Throughout history, race and sex had always been topics of discussion among people, and many have been poorly treated based on their color and sex rather than their actions. The Yellow Wallpaper is not an exception to this, as describes the oppression society gives to women around the Victorian Era. The narrator, who is never truly mentioned by name, has been trapped on the top floor of a mansion in a nursery-like room where she can only sleep and eat. She keeps a journal around and writes down whenever she is alone to prevent her husband from taking her only source of entertainment away since at the time women could not write nor be smarter than men. John believes, because he is the best physician in the county, that he knows exactly what …show more content…
However, his wife continue to write, stating that each time she does, she gets extremely tired. The narrator kept sleeping during the day and staying all night awake looking, smelling, hearing and touching the yellow wallpaper that once disturbed her, now fascinated her. Soon, the narrator begun to write smaller sentences and little pieces instead of the big chunks of writing that she did the first day she arrived at the house, further showing her descent to madness. At the end of the novel, she peels off the wallpaper, to release the woman that had been trapped behind those bars and realising her into society. This symbolizes her realization of being trapped for so long, and her desire now to free herself. However, because society is cruel and who never approve of a woman so independent, she creeps around the room to hide her escape. When John arrives at the nursery-like room, he sees what has become of his wife. His wife explains she has ‘gotten out, in spite of you and Jane,’ before John faints and his wife continues to creep around the room, trying her best not to step on the fallen body. In conclusion, the narrator of the Yellow Wallpaper, is what happened to a woman in an oppressed society. Her writing style and size decreased as she slowly got overtaken by the wallpaper, symbolizing going into madness. At the end of the story, she destroys the wallpaper, releasing the woman that was once oppressed in society, symbolizing that now she can fully be herself and live a normal life, free from everyone that locked her away. When John sees what has become of his wife, he faints, as the narrator continues to creep around the
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Gilman shows the progression of the main character’s insanity through the woman in the wallpaper, John, and the bed. Like most individuals, the narrator in “The Yellow Wallpaper” gradually shows increased symptoms of insanity. She begins the summer as a sane individual. As time progresses, she starts acting
The woman in the wallpaper is trapped just like she is. The narrator creates a figure that she could relate to and then spends all her time focused on the figure and trying to figure out how to help the woman in the wallpaper escape her cell. As the story continues and she remains isolated, it is obvious Jane views herself as the woman inside the wallpaper. As a result of being trapped in her room, she begins to lose her sanity. She believes she is trapped in the wallpaper and must escape its holds.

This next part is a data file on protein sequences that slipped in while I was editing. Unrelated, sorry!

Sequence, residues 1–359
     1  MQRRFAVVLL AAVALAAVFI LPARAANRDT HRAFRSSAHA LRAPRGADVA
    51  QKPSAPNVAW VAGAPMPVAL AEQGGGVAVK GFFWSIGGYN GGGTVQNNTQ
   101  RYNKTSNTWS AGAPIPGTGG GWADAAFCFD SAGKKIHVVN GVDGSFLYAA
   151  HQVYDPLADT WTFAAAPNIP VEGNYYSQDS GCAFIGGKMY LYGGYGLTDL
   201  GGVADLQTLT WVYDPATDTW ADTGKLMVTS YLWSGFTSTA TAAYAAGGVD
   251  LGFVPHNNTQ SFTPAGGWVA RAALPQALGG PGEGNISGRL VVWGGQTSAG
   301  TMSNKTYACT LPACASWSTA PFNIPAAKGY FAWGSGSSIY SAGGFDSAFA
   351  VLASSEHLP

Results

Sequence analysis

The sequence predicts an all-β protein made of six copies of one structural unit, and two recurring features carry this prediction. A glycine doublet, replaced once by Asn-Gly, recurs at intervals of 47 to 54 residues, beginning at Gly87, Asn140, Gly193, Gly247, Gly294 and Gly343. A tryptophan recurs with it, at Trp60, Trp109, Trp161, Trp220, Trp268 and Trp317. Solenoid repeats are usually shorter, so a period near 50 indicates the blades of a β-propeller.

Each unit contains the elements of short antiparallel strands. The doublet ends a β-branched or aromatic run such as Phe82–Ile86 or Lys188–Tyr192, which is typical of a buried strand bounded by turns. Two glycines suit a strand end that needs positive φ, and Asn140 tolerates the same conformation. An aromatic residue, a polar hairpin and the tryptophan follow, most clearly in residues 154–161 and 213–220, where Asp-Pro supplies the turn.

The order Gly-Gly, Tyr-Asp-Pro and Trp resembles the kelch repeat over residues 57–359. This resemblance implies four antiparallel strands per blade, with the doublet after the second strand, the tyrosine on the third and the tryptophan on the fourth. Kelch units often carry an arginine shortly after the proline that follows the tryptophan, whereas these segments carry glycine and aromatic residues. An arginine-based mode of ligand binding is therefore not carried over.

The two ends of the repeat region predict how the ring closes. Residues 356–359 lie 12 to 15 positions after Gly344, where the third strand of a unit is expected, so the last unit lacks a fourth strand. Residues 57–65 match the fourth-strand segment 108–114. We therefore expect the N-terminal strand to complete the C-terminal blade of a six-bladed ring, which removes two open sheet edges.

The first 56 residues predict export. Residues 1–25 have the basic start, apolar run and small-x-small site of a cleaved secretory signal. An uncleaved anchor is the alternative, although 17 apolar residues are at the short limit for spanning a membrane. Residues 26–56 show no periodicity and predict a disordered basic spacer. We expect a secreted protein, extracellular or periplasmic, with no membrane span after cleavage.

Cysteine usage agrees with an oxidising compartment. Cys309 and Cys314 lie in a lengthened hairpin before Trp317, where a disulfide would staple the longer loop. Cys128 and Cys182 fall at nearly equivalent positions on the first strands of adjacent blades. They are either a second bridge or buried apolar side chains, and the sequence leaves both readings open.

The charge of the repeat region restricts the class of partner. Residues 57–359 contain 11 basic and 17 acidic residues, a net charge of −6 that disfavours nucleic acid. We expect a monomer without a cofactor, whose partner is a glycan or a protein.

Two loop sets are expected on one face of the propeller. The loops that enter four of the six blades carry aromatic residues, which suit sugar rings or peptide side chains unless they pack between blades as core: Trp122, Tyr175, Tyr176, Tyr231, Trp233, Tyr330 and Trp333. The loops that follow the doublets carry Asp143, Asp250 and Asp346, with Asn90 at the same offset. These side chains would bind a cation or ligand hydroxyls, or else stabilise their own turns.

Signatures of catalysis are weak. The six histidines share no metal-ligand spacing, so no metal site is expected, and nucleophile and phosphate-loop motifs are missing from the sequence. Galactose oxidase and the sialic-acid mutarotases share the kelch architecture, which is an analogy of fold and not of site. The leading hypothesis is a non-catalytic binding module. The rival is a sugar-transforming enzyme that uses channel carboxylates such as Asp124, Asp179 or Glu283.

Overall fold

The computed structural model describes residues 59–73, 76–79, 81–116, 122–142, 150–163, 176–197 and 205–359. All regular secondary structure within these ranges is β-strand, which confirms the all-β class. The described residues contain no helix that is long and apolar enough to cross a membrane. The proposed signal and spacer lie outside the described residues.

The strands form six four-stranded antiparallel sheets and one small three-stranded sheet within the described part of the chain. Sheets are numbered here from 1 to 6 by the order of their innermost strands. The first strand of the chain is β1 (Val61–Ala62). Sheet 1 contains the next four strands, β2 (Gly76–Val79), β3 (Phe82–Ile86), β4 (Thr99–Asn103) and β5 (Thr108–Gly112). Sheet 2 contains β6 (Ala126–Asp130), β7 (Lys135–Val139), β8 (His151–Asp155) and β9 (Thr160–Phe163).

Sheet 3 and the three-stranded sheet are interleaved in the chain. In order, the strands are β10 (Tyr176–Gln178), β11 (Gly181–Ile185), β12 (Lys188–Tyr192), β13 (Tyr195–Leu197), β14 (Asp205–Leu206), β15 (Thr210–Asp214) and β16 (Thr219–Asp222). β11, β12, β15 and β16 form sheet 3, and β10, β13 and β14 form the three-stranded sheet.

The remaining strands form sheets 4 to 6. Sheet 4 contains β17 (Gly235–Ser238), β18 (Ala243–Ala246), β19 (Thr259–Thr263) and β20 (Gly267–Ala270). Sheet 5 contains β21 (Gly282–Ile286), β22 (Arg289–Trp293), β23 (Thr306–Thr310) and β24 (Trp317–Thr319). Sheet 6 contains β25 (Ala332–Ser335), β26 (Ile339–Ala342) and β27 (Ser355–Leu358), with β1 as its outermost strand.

(99). The woman on the floor trying to take the wallpaper down would not let her husband in as he tried to knock the door down, but she does not realize she is doing it to herself. For example, Catherine Golden states in her article that, “The narrator seems detached from the bits of wallpaper on the floor next to her and John wallpaper fragments that could be read as a literal representation of the source of her insanity. The narrator’s hallucinations and action of tearing down the wallpaper to free the woman trapped behind the wallpaper pattern condemn her to madness” (60).
This differs greatly from Jane, who begins to sympathize with the plight of all domestic women through her experience with the woman behind the yellow wallpaper. Although she initially frowned upon the woman’s efforts to escape, the more her mental health deteriorated, the more she began to relate her plight to that of the trapped woman, both prisoners desperate for escape. With her newfound revelation, she sought to save the trapped woman from her prison, subconsciously freeing herself in the process. “As soon as it was moonlight and that poor thing began to crawl and shake the pattern, I got up and ran to help her…I wonder if they all came out of that wallpaper as I did?… “I’ve got out at last,” said I, “in spite of you and Jane!
Throughout the generation, women have always been trapped in some way or another. In the short story, ‘The Yellow Wall-Paper’ and the novel ‘The Awakening’ highlights the struggle of women in the late 1800’s and the early 1900s in society. The Yellow wallpaper is a short story about women giving birth and being imprisoned in a room with a weird view of the yellow wall-paper. This resulted in her hallucination lead to the development of mental illness. By the end of the story, she rips off the yellow wallpaper and kills her husband.